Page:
In recent years, the left field position has been a blend of what makes the other two spots across the outfield significant. It is home a variety of legit corner outfield power threats, but also features a stash of defensively significant, speed based threats as well.
This year is no different, as the position is home to a grouping of diversely talent players capable of changing the game at any part of it. There are standard bearers who change the game defensively first, to an extent that is shockingly impactful from the spot. There is also a blend of true power conduits, who’s first and foremost goal is to punish the seats beyond the wall. There are also extents of true Five-Tool players, who do a little bit –as well as a lot— of everything across all nine innings.
This all adds up to say there are a lot of ways to make it among the elite at a position that calls upon so many different types of players to make their mark for their respective clubs. But it is also a spot that calls for much from its top-tier producers to stand out amongst each other. So with that, let’s have a look at the best of the best at the very diverse position.
To see last year’s rankings of the position, click here.
10. Kyle Schwarber, Cubs (Not Ranked in 2015)
2015: .246/.355/.487, 16 HR, 43 RBI, 6 doubles, 52 runs scored, 3 stolen bases, .842 OPS
He made as big of a late season impact as any rookie in the game. After his late season promotion to Chicago, Schwarber made a habit of launching tape measure shots, launching 13 bombs over the final two months of the season. While he did have some adjustment difficulties once the league got a look at him, hitting .143 versus lefties and .214 over the final two months, his ability to change the game instantly was invaluable.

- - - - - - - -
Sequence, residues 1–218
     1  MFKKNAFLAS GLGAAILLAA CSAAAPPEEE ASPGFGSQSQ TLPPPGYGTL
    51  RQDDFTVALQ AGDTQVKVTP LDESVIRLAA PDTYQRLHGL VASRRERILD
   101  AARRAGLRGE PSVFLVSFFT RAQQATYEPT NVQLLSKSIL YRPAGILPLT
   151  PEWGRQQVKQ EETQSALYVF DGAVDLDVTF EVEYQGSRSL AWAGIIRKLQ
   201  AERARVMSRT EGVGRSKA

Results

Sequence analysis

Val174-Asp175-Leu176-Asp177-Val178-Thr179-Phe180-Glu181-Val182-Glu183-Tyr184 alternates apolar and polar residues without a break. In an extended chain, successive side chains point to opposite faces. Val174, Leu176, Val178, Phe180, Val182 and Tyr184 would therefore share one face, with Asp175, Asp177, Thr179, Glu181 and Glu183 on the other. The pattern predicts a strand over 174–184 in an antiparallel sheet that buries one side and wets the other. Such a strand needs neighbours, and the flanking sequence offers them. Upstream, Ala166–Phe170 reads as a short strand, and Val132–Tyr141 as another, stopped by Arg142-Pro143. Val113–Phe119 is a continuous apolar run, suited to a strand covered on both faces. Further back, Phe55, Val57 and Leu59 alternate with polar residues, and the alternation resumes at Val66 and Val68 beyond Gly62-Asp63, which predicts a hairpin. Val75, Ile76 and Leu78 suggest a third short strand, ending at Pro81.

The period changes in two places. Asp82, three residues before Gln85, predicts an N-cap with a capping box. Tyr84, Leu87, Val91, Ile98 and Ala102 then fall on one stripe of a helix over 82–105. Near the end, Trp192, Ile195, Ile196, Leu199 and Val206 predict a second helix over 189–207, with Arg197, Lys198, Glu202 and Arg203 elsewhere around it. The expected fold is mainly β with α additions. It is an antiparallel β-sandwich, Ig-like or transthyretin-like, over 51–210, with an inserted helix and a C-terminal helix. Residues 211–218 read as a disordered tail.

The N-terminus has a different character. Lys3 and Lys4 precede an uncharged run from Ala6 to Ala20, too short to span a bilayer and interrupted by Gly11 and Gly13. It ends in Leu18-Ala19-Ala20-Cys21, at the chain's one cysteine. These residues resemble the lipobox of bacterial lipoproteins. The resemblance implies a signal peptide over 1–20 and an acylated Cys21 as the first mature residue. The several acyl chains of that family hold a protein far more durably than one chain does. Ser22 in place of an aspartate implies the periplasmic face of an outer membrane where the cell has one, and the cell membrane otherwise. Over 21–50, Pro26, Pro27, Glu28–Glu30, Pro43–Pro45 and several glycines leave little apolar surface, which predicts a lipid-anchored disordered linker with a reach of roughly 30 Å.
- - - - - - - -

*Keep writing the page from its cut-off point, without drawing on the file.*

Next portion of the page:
He played his best ball in the postseason, as he hit .333 and connected for 5 home runs, becoming the Cubs’ all-time postseason leader in the process (dwell on that). And as the currently converted catcher continues to get comfortable in left field, he should embark on the currently carved course of becoming one of the most feared power threats in the National League.
9. Matt Holliday, Cardinals (#7 in ’15)
2015: .279/.394/.410, 4 HR, 35 RBI, 16 doubles, 24 runs scored, 2 stolen bases, .804 OPS
Last 3 Years: .284/.382/.455 15 HR, 73 RBI, 28 doubles, 70 runs scored, 4 stolen bases, .837 OPS
Injuries severely limited Holliday a year ago, as he twice was sent to the disabled list with a quadriceps that limited him to 73 games. And even before the injury hit, his power numbers were drastically down and stayed low on the other side of his late season return, as hit connected for a career-low four home runs at
What did remain elite for Holliday was his on-base percentage however. He had a very strong first half in that regard before his first injury took him out. He posted a .394 mark on the year, which was fueled by his National League-record setting 45 game streak. If Holliday can re-emerge with a strengthened lower body again, he could remain a solid lower middle of the order presence, even if his elite power days are permanently behind him.
8. Christian Yelich, Marlins (#10 in ’15)
2015: .300/.366/.416, 7 HR, 44 RBI, 30 doubles, 63 runs scored, 16 stolen bases, .782 OPS
Last 3 Years: .290/.365/.406 7 HR, 38 RBI, 24 doubles, 64 runs scored, 16 stolen bases, .771 OPS
He overcame a very slow start to 2015 to post improvements across the board for a third consecutive year. This included career best in batting average and on-base percentage, while keeping his extra base hit, stolen base and runs scored levels consistent. He is rounding into becoming one of the more talented top of the lineup hitters in the National League, while continuing to play one of the best defensive left fields in the game.
A player that is entering his age-24 season and has continued to increase his power ratios, while not sacrificing his speed and continuing to increase his contact rate and batting average is a dangerously complete player. He matched his Wins Above Replacement level from his strong 2014 in 18 fewer games a year ago.
7. David Peralta, Diamondbacks (Not ranked in ’15)